Clean Air Act Regs Driving Up Gas Prices

We’ve all heard the explanations for rising gas prices: greater fuel demand, reduced OPEC (search) supplies and turmoil in the Middle East. Now oil industry insiders say there’s another culprit — and it’s in your own home state.

Officials believe environmental regulations are driving up prices by forcing fuel refiners to develop different blends of gasoline to comply with states’ varying air pollution laws.

The so-called “boutique blends” make it harder for refiners to import gas and creates confusion at the pump. And though they might only add a few cents to the price of each gallon, that petty change can add up to $11 million a day.

The Clean Air Act (search) requires the most smog-filled of U.S. cities to use cleaner-burning gas that’s too expensive for smaller towns. Add that to the various formulations based on climate, landscape and altitude, and you’ve got 18 different blends of gas in this country.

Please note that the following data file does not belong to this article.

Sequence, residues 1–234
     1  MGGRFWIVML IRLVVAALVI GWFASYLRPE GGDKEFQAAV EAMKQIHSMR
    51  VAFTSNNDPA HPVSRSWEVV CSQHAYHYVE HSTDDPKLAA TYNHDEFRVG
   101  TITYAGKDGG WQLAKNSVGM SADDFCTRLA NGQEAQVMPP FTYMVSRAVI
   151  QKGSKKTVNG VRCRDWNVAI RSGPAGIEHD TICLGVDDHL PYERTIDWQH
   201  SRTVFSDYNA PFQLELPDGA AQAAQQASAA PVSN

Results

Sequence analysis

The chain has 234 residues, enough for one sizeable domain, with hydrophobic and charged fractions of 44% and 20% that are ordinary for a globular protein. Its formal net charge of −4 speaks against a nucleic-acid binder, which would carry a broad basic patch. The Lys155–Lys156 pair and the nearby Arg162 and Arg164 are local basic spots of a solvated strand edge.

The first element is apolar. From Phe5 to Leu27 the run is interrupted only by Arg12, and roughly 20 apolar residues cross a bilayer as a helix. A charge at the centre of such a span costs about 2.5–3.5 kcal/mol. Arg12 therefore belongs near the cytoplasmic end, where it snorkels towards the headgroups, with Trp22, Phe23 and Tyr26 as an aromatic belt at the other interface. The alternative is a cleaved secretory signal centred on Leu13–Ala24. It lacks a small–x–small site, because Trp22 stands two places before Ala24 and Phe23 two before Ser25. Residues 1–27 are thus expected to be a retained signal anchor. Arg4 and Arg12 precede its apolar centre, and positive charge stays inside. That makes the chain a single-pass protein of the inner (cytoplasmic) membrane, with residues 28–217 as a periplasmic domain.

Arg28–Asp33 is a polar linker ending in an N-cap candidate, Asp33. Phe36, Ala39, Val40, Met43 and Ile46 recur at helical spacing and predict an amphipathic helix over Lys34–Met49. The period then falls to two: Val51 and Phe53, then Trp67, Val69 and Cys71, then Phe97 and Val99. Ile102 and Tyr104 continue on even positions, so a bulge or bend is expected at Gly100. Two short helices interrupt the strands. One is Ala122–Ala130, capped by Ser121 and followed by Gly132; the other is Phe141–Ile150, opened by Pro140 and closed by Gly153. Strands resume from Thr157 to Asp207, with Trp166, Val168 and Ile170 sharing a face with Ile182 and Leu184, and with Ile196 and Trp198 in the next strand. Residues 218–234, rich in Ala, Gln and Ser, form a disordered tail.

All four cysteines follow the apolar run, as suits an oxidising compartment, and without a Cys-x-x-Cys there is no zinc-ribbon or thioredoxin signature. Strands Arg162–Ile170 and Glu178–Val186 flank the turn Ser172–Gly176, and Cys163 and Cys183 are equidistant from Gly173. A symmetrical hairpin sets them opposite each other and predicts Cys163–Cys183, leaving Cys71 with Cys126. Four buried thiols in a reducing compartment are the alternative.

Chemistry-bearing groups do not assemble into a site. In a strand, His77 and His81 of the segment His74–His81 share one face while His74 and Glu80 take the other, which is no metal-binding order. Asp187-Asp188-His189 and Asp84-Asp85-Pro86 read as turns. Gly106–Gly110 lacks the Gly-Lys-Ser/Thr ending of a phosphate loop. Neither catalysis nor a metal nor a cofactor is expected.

Still, the American Petroleum Institute (search), which represents producers, refiners and suppliers, says now is no time to streamline because of the huge investments the industry has made to provide the special blends.

President Bush is considering requests from California and New York to waive their required use of boutique-blended gas — a move environmentalists would fight. The Senate is expected to take up the debate this summer.

Click here to watch a report by Fox News Channel's Alisyn Camerota.